Raw Food Diets Pose a Health Risk to Pets

An Angell Animal Medical Center veterinarian says feeding pets raw meat could cause disease and antibiotic resistance.


A dog in treatment at Angell. Photo provided to bostonmagazine.com

For humans, raw food is the diet du jour. For pets, it’s a major health risk—and one growing more common.

Virginia Sinnott, an emergency care veterinarian at Angell Animal Medical Center, says the trendiness of all-natural eating has inspired some pet owners to turn, mistakenly, to raw meat as an alternative to processed dog food. While their thinking is often that raw meat closely mimics what dogs eat in nature, Sinnott says the logic is flawed.

“When an animal catches prey and eats it,” Sinnot says, “it’s very different than feeding him something that came from the grocery store that was butchered and then in transit for several days so bacteria counts can increase.”

Sinnott says Angell now sees about a dozen dogs each month suffering from raw-food induced diarrhea or vomiting, though the number may actually be higher, since symptoms are relatively unspecific and thus hard to attribute to any one cause. In addition to exposing dogs to illness-causing bacteria, Sinnott says raw meat has been shown to increase antibiotic resistance in pets.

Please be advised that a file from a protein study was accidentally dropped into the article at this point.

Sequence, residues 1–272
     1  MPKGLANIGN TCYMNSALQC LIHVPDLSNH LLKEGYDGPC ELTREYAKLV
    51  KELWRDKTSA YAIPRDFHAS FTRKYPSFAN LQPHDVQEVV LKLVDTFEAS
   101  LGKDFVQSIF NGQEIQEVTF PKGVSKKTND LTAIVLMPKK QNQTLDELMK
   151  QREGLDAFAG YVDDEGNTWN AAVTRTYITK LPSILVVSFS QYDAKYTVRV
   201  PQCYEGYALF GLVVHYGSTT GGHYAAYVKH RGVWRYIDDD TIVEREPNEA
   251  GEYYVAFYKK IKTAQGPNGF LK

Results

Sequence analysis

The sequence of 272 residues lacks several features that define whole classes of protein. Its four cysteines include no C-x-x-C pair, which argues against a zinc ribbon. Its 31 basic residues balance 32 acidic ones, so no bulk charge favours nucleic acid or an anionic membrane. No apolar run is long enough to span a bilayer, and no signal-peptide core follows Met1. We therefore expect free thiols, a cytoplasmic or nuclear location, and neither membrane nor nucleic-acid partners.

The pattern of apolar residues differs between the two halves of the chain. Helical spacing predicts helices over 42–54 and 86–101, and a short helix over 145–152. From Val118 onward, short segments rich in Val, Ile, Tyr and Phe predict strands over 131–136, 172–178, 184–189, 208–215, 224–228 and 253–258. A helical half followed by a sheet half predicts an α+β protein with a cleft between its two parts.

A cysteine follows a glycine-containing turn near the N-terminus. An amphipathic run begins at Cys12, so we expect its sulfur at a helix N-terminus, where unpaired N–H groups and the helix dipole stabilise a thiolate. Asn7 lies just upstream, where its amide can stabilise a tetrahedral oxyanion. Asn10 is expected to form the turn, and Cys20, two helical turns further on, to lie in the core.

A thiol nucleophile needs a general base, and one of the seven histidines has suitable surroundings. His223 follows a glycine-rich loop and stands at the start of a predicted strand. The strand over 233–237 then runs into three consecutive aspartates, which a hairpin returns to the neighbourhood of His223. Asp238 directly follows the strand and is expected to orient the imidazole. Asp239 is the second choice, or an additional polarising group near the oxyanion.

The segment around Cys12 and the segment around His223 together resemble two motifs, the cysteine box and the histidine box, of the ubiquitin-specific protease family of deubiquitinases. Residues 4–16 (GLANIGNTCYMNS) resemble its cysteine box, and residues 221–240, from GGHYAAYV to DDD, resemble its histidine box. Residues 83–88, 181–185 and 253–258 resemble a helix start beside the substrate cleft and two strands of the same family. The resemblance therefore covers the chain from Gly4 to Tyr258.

“If the dog gets sick from the E. coli or the salmonella, maybe we can’t treat it with antibiotics. And more frighteningly, those bacteria are now being shed by the dog into the environment,” she says. “If we’re exposing people to bacteria that is resistant to antibiotics because of what we’re feeding our dogs, that’s probably irresponsible.”

If processed foods have been vilified enough that people are resorting to raw meat, it begs the question—how important is an all-natural pet diet in the first place?

“To me, ‘natural’ is a marketing claim,” Sinnott says. “Honestly, the most important thing is that you feed your dog or cat a food that is complete and balanced.”

Sinnott recommends checking for AAFCO certification on all pet foods, and ensuring that it’s been tested in feeding trials, not just fortified with the necessary nutrients. Those designations, she says, are more important than short ingredient lists and byproduct-free recipes, since many hard-to-pronounce ingredients are just vitamins, and animals are biologically built to eat organs and other byproducts.

If you’re still set on serving Fido a home-cooked meal, Sinnott suggests first speaking with an animal nutritionist. (Yes, such a thing exists—Angell has one on staff.)

“There is a real health risk to being your own mixologist in the kitchen,” she says.